Would you go minimalist?

 

I came across the concept of minimalism out of a moment of frustration when I closed my shop at the Sherman Oaks Antique Mall and realized that my collection of vintage textiles and furnishings needed a new home.  Some women collect shoes, I collect fabric.  There comes a time in every collector's life where you have to ask  - have my possessions taken control over my space?

So designer, meet minimalism.  A conscious lifestyle choice to live free from clutter, to streamline life's daily tasks and significantly reduce the cycle of consuming.  

Minimalism is identifying the essential and eliminating everything else

If you research this topic you will see that some insist that your worldly possessions be whittled down to 100 items or less - your toothbrush and toothpaste count as two folks. While this is all well and good, you can incorporate this lifestyle in whatever manner adds value to your life.   

HOW DOES MINIMALISM DIFFER FROM DE-CLUTTERING?

De-cluttering is a weekend chore, minimalism is a lifestyle choice.  The essential difference lies in consumption, whether that be shopping / buying things or even consuming media or entertainment.  America is the land of the consumer, our whole economy is based on it but if the entire world consumed at our rate we'd run out of space on the planet.   If you're going to be a minimalist you need to eliminate the clothes, books, furniture, kitchen items, makeup, paper, toys and gadgets that you don't need, love or use, and then consciously reduce your rate of consumption.

One way to go minimalist through interior design is to buy better quality items less often - kind of like French women do with clothes.  

IGNORING THE ROOMS TRUE NEEDS LEADS TO BAD PURCHASES

We can fall into bad purchases and needless consuming when we don't address the true needs of our space.  We try to fill the void.  We sense that the room is off so we buy a pillow and a throw on impulse and end up getting rid of them months later because it's a sectional that your space is really calling for.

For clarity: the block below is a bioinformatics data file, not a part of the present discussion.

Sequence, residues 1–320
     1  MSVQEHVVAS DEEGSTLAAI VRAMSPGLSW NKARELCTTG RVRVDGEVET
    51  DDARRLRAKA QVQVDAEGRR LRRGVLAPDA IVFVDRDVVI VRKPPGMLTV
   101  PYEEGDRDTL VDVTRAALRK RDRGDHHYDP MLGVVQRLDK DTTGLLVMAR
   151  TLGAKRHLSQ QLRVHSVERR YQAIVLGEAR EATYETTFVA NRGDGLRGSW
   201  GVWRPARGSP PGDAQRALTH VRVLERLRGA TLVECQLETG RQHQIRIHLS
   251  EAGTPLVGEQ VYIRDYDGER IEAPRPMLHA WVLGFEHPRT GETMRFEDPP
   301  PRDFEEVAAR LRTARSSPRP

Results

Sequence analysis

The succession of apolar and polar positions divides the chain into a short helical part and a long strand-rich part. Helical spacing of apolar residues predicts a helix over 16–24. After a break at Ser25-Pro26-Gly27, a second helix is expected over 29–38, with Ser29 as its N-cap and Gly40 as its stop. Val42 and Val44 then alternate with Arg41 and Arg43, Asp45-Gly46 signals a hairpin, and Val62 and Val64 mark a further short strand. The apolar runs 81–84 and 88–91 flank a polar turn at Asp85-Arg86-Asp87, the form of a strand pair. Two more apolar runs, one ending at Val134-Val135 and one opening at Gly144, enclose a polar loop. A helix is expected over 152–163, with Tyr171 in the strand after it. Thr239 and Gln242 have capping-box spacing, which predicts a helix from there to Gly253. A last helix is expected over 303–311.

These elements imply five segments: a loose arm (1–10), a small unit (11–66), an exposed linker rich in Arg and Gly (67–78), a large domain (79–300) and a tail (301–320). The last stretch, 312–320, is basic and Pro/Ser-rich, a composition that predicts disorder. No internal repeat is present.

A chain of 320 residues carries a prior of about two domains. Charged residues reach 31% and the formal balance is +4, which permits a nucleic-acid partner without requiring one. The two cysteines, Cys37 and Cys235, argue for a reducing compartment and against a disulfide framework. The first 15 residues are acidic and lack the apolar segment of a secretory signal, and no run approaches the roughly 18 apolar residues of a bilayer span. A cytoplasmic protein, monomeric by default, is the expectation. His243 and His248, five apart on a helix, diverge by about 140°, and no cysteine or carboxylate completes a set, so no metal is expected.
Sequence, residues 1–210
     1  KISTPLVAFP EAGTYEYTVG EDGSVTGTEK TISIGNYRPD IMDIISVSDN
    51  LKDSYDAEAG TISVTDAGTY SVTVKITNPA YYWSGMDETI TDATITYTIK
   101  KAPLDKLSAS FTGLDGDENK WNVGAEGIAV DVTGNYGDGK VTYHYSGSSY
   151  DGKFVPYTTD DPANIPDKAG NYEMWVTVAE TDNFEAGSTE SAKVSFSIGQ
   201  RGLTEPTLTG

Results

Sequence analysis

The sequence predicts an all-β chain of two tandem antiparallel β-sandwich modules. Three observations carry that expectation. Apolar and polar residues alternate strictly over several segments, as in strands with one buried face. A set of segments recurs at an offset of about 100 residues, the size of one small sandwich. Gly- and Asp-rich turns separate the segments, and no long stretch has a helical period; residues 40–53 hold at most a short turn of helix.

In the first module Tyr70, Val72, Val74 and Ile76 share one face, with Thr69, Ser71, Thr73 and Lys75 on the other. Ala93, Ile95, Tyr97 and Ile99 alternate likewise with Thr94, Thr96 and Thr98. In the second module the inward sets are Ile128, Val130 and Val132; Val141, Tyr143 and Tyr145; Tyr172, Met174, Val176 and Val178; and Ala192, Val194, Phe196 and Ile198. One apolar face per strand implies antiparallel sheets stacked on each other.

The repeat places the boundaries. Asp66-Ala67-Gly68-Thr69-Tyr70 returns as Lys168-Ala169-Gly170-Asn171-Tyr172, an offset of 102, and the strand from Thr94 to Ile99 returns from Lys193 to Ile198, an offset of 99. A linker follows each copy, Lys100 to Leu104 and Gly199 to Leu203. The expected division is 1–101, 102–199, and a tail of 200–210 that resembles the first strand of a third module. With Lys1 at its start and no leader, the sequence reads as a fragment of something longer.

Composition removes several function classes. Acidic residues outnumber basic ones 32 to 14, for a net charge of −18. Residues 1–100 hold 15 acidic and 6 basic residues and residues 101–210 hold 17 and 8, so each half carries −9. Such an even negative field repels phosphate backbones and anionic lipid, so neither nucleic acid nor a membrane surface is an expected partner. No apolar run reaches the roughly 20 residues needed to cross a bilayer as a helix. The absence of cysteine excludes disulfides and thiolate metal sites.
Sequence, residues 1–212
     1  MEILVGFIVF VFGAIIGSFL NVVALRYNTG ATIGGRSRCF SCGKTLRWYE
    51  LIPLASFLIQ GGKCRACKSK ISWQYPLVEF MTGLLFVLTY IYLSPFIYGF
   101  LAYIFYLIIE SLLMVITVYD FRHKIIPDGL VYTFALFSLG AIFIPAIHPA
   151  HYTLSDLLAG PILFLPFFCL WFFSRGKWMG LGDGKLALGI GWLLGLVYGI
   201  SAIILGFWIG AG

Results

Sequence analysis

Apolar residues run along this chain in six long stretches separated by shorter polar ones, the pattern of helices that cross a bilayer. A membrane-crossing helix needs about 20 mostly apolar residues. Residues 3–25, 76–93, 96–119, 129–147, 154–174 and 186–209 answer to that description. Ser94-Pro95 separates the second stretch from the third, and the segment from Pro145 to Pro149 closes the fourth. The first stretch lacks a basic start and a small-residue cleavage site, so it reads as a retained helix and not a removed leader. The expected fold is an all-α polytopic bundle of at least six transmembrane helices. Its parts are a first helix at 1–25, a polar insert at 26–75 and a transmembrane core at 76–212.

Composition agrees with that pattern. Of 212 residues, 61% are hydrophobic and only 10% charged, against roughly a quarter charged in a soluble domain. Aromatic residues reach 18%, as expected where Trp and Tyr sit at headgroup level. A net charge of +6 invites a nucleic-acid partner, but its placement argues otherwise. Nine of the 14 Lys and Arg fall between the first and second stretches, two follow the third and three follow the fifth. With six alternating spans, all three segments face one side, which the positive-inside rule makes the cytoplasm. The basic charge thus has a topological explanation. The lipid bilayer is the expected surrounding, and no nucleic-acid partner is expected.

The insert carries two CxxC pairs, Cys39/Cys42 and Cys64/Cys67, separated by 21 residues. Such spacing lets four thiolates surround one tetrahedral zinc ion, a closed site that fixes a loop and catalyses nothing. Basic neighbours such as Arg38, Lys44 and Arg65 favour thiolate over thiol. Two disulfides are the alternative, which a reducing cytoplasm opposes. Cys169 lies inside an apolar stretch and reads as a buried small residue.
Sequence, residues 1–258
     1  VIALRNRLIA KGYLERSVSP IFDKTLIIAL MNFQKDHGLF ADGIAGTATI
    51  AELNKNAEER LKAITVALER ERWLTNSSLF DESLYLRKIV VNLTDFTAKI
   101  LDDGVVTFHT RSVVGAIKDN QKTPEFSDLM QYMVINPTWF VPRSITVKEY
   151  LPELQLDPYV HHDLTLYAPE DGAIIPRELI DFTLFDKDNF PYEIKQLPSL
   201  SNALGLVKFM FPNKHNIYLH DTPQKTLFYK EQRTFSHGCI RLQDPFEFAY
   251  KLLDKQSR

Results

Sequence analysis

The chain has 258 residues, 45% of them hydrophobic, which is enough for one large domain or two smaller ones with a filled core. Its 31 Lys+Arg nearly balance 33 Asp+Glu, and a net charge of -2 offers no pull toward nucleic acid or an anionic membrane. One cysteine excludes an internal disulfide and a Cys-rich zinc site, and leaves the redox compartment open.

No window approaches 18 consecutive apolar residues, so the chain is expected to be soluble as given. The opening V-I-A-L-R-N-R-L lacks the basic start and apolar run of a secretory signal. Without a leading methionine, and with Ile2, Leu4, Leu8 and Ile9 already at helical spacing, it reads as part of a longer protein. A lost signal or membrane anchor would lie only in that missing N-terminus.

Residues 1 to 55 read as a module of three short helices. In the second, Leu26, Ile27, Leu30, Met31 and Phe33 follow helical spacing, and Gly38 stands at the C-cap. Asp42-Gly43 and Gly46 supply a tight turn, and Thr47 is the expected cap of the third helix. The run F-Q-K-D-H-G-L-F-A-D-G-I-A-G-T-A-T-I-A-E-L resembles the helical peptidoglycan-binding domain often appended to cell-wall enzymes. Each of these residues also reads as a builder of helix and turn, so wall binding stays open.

APPROACH TO MINIMALISM IF YOU'RE 'MORE FULL'

Those of you that tend to like things "cozy and layered" would probably not feel happy in a sparsely decorated space.  If you prefer a densely furnished home with layered rugs, walls filled with art, shelving full of books and collected finds from your travels you are more full.  There is a way to let go of a significant amount of items and still keep the "more full" feeling.  Here are some clever tips for doing just so and remember, this is a guide, not a shopping list:

  • decorate in warm tone colors - cool colors make a room feel expansive, warm tones make it feel cozier
  • use a plush rug with a pattern - the softness adds texture and the pattern adds depth and layering 
  • use open shelving / systems to display your best books and collectibles  and provides visual coverage the "more fulls'" tend to prefer
  • use pattern on window treatment or pillows 

APPROACH TO MINIMALISM IF YOU'RE 'MORE EMPTY'

I am among the "more empty" types that prefer less visual clutter and tend to decorate with restraint. Less furnishings mean that the ones you do have need to get the job done.  If you're a "more empty" you're half way to minimalism.  Here are some tips to get you there:

  • decorate in cool tones, like white, silver, gray and blue to give the space an expansive feel
  • use minimal pattern but play up texture for depth and warmth in a room (hide, sheepskin, wool, silk and leather)
  • use closed sideboards, armoires and cabinets 
  • invest in a sofa and an accent chair that meets your seating needs (comfy sectional and a sculptural chair or simple sofa and lounge chair)